But you may also see interest charged on the following statement. There'll be a delay between your statement being drawn up, and you paying it. It may be a couple of days, it may be a couple of weeks. But you'll be charged interest on the cash withdrawal until you pay it off.

  • Usually, the only way to know if you'll be accepted is to apply, but each application marks your credit file. But our Balance Transfer Eligibility Calculator quickly shows your odds of getting almost every top balance transfer card so you can find the ones most likely to accept you before applying, thus minimising applications.

    How does the eligibility calculator work?

    It uses a 'soft search', which is one you will see on your credit file but lenders usually don't (and where they do they can't use the info), to give us an indication of your credit score. We then match this against lenders' criteria for acceptance so we can show you the odds of getting each card.

    Once you have this knowledge, it will allow you to make a smarter application. Say you have a much better chance of getting a card that's just one month shorter at 0%, you may want to go for that. Therefore, you're less likely to be rejected and less likely to need to apply elsewhere, which would add another mark on your credit file.

    Or join our Credit Club for a full credit health check

    The MSE Credit Club is a game-changer. For years the credit market has been shrouded in mystery but our revolutionary tool brings together the key components to give you the full picture, and crucially, what it means for your acceptance chances and how to boost your creditworthiness.

    A credit score alone isn't enough to borrow, as there are other factors at play (it's why many with perfect scores still get rejected). Credit Club shows your Free Experian Credit Report and Credit Score, your Affordability Score, you Credit Hit Rate and much more.

  • There's a catch to watch out for. Some card firms give those with lesser credit histories fewer months at 0% than they advertise. You could, say, apply for a 33-month 0% balance transfer deal, be accepted but given 20 months at 0% – sometimes with a higher fee too.

    We highlight cards that do this by putting 'up to' before their headline offer, and tell you the other 0% lengths they may offer in the write-ups of the products below.

    Lenders tell us they do this based on risk, so if you've a credit score that only just meets a card provider's minimum criteria, it's likely you'll be accepted for the card, but given a lower number of months at 0%, or a higher APR.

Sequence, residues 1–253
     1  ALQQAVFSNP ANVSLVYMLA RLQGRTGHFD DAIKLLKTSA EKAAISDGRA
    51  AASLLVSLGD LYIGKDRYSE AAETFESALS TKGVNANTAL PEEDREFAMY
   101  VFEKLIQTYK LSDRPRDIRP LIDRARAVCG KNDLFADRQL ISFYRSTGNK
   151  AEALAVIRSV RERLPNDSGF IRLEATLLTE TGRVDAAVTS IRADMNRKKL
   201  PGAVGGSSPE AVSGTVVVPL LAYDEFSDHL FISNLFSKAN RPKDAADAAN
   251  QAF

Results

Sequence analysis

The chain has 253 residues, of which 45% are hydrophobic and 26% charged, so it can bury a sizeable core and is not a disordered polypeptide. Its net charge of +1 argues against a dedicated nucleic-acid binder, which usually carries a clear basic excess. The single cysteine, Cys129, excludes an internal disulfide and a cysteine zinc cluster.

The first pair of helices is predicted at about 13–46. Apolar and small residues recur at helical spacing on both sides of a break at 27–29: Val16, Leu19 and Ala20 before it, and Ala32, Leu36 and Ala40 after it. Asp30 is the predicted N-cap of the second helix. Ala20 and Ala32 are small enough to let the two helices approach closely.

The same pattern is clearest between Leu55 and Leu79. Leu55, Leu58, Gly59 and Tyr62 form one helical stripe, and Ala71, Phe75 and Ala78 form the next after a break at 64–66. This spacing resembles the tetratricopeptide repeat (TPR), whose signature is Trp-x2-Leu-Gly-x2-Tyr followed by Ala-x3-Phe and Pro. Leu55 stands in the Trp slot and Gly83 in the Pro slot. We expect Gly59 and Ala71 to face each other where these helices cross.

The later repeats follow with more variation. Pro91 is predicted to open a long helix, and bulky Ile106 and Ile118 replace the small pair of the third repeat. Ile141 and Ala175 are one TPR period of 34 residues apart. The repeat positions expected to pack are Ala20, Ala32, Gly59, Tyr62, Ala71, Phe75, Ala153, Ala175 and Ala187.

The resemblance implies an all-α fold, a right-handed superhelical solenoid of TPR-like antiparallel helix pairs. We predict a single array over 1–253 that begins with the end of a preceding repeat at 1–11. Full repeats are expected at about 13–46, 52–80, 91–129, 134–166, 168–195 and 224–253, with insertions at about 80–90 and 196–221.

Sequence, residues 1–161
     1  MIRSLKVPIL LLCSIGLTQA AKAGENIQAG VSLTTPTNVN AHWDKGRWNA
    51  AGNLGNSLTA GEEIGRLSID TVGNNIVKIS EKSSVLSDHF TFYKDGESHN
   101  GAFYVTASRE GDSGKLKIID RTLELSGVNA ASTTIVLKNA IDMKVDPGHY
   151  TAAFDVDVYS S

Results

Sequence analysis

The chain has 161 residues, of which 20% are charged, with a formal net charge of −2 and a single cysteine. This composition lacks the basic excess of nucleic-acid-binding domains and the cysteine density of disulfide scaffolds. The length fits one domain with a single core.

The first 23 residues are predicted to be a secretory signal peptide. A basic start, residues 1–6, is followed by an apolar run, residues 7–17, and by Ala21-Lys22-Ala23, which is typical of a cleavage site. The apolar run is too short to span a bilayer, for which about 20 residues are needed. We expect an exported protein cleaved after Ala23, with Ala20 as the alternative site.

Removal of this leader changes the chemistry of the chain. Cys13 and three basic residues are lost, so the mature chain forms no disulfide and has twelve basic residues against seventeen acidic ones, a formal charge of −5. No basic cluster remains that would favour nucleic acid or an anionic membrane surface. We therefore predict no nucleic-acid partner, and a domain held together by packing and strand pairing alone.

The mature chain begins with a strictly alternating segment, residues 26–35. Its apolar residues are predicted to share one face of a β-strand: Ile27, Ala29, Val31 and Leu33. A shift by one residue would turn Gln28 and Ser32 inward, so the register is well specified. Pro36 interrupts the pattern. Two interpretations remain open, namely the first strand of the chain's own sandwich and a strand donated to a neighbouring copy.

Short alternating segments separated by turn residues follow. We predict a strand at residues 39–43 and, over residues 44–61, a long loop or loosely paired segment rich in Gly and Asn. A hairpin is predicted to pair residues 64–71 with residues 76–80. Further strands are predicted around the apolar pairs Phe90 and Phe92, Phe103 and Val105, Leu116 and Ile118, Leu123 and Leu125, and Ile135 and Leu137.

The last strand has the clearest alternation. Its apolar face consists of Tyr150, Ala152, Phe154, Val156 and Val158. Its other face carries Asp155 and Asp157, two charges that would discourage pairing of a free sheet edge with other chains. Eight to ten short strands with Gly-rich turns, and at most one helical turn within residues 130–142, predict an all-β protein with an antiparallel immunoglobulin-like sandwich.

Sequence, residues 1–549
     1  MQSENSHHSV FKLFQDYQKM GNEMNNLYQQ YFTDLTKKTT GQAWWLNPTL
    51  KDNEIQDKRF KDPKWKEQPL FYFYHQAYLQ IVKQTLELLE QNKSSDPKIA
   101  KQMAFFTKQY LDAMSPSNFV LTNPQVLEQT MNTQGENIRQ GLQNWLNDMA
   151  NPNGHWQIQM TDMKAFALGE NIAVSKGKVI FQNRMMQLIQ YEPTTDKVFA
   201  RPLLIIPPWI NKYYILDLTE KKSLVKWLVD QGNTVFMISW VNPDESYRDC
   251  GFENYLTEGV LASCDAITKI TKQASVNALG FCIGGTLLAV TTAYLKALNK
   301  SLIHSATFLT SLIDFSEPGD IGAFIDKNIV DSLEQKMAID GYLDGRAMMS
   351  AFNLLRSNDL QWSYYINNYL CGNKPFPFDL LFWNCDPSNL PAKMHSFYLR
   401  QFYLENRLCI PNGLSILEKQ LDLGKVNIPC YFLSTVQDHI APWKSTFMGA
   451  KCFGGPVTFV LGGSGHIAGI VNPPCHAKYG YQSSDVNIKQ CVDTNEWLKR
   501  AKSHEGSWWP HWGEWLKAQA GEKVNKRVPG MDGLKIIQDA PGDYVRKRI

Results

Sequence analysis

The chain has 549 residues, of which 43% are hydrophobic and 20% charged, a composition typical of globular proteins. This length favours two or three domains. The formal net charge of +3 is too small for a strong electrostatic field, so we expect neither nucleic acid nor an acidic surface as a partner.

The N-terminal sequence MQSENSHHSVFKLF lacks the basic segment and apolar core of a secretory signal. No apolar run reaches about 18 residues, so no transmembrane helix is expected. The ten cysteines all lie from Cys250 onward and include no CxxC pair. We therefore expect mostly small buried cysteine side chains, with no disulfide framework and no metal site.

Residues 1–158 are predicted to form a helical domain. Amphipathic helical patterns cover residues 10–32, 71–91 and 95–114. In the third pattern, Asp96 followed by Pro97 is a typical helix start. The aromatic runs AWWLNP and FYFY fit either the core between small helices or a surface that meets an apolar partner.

• Most cards in this guide are 0% deals, but usually require a good credit score and are for new customers only. If your score is patchy, you may still be able to slash the interest you're paying by doing a credit card shuffle.

    It isn't the latest poker trick but our technique using existing-customer balance transfer deals to allow you to shift debt around cards you already have (if you're not maxed out). It's complex, but it's saved people £100s, without new cards.

    Our technique is based on you calling your existing card provider (or each one if you have many), and asking if it has any low-rate deals on the card(s) you already have. If so, you can start transferring debt around.

    If you're paying debts at 18.9% APR on one credit card, and you can get a low-rate deal for 6.9% APR on another card you have, you could save about £120 interest in a year on a £1,200 debt.

    Even if you can't get any special deals, as long as you have a number of cards you can pile as much debt as possible onto the card with the lowest interest rate, then focus your efforts on clearing the most expensive debt first. Here's how to do it step by step:

    1. List all your debts – take stock of your current situation and note down all your existing debts, including an overdraft if you have one. Our credit card shuffle worksheet should help.
    2. Ask your provider(s) to cut the rate – sometimes simply calling and asking your existing credit card company for an interest-rate reduction can work to slash the costs of existing credit, without needing a balance transfer.
    3. Shift debts around existing cards – do a balance transfer to shift your debt from the card(s) charging the most interest to the one charging the least.
    4. Repay the most expensive debts first – the most crucial part...

    Start repaying, focusing as much cash as possible on the most expensive debt first.